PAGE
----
The Sokal Affair and Margaret Atwood

            In a recent class discussion concerning Margaret Atwood’s Oryx and Crake, Professor Clayton quoted a passage detailing the pigoon project at OrganInc Farms.

 

The goal of the pigoon project was to grow an assortment of foolproof human-tissue organs in a transgenic knockout pig host – organs that would transplant smoothly and avoid rejection, but would also be able to fend off attacks by opportunistic microbes and viruses, of which there were more strains every year.  A rapid-maturity gene was spliced in so the pigoon kidneys and livers and hearts would be ready sooner, and now they were perfecting a pigoon that could grow five or six kidneys at a time.  (22)

 

During the ensuing debate on the feasibility of such a project, I advocated that Atwood’s wording argues against the plausibility of achieving such a goal.  Although procedures that grow “human-tissue organs” in a “transgenic pig host” have been taking place for some time, the desire for such “organs” to “transplant smoothly,” “avoid rejection,” and “fend off attacks” seems too ambitious.  Moreover, “fend[ing] off [these] attacks” involves an organ that fights endlessly variable “strains” of “opportunistic microbes and viruses.”   Such an organ certainly will never exist – for if it did, what would drug companies do?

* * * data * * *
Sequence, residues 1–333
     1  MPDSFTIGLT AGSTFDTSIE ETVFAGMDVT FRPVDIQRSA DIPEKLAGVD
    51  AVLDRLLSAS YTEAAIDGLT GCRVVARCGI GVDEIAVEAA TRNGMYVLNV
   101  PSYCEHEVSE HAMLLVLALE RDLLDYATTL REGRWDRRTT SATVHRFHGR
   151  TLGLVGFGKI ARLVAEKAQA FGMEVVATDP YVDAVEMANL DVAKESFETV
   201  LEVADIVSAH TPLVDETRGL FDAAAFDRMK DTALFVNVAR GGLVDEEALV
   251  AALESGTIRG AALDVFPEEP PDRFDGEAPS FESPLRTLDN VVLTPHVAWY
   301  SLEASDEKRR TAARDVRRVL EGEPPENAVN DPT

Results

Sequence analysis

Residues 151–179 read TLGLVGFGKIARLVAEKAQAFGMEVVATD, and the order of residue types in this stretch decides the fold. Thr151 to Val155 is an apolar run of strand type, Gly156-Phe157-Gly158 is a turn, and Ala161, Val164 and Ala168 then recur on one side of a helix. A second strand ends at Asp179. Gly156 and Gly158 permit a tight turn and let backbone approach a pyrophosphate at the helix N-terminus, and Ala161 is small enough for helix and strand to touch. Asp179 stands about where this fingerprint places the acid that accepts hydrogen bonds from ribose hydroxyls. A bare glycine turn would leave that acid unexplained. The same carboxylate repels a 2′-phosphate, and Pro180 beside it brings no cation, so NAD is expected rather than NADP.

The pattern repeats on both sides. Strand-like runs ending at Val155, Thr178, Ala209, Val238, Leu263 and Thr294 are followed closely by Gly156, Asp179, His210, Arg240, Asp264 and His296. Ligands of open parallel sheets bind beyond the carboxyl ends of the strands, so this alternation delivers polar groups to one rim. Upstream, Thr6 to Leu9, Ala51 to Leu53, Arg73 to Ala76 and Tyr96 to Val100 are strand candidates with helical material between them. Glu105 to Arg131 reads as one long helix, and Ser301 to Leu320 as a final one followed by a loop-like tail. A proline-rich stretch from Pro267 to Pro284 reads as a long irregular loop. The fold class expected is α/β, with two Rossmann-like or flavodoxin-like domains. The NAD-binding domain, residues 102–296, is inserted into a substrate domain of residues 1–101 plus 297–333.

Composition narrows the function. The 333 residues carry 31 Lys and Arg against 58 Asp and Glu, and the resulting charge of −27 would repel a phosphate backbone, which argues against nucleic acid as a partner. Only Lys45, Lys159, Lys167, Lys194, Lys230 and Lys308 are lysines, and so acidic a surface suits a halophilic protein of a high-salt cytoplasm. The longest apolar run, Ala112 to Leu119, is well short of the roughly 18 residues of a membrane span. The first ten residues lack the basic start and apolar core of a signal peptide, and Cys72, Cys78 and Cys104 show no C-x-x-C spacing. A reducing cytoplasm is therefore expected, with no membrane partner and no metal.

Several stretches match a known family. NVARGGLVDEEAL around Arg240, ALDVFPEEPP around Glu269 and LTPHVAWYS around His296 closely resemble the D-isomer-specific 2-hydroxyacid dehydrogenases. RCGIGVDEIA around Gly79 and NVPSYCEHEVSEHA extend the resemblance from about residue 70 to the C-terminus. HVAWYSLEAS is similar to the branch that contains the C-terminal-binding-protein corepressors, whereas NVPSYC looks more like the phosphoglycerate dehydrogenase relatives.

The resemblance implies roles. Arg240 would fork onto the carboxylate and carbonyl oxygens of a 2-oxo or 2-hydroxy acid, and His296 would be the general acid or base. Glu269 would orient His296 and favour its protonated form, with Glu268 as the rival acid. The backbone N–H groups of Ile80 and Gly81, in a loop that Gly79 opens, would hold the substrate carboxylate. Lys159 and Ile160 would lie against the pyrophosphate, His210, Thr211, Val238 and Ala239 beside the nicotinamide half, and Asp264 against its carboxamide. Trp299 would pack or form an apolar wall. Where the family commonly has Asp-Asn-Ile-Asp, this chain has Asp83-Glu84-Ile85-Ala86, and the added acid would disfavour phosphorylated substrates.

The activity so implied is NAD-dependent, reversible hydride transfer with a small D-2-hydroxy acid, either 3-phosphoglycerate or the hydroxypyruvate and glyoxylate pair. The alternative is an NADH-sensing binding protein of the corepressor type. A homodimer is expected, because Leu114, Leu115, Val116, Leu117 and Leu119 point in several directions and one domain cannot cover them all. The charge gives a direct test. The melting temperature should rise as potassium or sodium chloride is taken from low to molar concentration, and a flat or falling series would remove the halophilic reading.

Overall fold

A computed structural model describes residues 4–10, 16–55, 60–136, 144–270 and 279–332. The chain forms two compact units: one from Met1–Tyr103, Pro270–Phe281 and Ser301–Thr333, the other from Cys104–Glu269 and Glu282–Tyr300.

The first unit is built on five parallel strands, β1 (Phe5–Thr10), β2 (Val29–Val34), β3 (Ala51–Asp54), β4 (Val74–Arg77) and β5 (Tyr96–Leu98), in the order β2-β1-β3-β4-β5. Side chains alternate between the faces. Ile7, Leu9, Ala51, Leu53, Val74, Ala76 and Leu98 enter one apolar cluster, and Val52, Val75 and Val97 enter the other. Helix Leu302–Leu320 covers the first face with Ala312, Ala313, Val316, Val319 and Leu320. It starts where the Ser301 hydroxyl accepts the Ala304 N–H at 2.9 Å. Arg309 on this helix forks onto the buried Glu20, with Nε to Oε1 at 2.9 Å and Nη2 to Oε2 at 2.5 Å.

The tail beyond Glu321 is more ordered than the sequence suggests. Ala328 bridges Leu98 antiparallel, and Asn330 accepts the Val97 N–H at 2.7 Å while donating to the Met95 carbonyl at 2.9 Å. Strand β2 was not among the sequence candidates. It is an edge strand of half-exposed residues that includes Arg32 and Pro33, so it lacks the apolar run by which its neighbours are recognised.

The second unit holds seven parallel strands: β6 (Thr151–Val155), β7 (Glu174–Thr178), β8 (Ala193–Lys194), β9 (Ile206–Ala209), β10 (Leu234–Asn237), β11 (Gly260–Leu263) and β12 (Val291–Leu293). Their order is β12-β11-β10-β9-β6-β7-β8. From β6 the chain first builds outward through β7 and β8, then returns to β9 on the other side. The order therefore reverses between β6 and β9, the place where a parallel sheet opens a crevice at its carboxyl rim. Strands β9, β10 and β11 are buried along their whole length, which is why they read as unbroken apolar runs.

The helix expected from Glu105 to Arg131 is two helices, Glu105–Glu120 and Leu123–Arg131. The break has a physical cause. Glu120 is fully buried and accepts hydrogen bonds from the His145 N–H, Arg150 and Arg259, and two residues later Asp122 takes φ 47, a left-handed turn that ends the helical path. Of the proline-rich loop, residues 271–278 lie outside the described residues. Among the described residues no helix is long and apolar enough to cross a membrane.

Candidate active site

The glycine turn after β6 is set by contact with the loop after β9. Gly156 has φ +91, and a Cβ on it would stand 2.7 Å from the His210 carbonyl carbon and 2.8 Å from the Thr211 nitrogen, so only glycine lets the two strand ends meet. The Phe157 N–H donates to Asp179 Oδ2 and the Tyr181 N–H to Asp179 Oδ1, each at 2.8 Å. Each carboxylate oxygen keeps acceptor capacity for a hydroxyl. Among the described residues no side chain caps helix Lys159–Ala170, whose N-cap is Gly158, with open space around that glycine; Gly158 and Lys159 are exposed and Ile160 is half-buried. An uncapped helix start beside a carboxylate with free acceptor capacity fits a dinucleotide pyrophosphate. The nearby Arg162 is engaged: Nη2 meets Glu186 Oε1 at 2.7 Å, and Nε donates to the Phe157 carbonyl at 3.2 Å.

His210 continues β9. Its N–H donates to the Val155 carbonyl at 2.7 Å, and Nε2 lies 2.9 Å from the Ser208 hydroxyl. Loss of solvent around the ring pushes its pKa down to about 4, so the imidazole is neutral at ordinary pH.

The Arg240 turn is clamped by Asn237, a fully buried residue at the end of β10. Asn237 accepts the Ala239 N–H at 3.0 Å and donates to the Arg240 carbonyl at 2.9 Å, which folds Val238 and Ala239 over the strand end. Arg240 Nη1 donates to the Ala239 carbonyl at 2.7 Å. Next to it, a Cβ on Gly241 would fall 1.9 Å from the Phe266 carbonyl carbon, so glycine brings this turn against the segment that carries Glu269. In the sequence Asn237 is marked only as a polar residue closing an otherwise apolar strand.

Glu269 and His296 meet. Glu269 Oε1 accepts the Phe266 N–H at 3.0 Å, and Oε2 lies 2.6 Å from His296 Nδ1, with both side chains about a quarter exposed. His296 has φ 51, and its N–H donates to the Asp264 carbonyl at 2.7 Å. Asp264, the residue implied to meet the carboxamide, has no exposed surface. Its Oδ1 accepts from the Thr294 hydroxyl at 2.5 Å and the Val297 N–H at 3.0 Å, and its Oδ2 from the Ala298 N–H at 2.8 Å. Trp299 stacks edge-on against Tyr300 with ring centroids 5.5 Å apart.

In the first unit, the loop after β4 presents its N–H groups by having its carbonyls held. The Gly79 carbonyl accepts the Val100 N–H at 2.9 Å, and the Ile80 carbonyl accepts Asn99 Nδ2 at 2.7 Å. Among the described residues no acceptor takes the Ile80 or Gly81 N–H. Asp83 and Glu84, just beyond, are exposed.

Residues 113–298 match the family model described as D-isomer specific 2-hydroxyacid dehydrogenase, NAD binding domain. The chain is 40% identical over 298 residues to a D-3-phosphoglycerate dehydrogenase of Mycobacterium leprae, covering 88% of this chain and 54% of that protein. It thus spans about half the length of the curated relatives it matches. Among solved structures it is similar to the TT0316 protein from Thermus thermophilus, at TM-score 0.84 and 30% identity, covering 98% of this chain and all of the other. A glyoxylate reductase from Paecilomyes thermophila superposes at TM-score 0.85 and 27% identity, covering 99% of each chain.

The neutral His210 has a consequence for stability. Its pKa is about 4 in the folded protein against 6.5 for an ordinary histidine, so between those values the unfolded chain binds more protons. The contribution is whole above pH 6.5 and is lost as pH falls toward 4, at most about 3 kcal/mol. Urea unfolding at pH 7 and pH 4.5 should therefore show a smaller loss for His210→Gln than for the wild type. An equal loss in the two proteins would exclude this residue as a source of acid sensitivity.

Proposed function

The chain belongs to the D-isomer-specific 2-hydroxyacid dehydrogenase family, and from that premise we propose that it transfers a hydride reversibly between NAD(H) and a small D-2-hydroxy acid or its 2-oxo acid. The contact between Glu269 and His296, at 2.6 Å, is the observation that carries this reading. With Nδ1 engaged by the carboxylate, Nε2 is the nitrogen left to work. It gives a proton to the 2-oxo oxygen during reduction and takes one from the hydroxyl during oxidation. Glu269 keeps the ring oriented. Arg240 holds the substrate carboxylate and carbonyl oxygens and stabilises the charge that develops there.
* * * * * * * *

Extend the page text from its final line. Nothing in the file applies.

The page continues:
Besides this perspective, a counter opinion explaining why Atwood’s opinion seemed plausible focused on the overall presentation of the transgenic pig host.  The student explained that although they did not entirely understand what techniques were being performed on the pigoon, –  “a rapid-maturity gene was spliced in so the pigoon kidneys and livers and hearts would be ready sooner” – the ideas sounded legit.  Basically, this student believed that the scientific jargon throughout this paragraph presented the pigoon affair in a “credible” tone.  This argument immediately reminded me of a previous topic known as the Sokal affair.

            The Sokal affair occurred in 1996 and involved the publishing of an article written by Alan Sokal in Social Text, a “postmodernist cultural studies journal.”1  In this article, “Transgressing the Boundaries: Towards a Transformative Hermeneutics of Quantum Gravity,” Sokal uses scientific and literary jargon to purposefully talk about nothing.  Following the publication, when later questions arise as to what the article was about, Sokal admits his hoax.  Through this event, Sokal defrauds a journal that “publishe[s] articles not on the basis of whether they were correct or made sense, but simply because of who wrote them and how they sounded.”1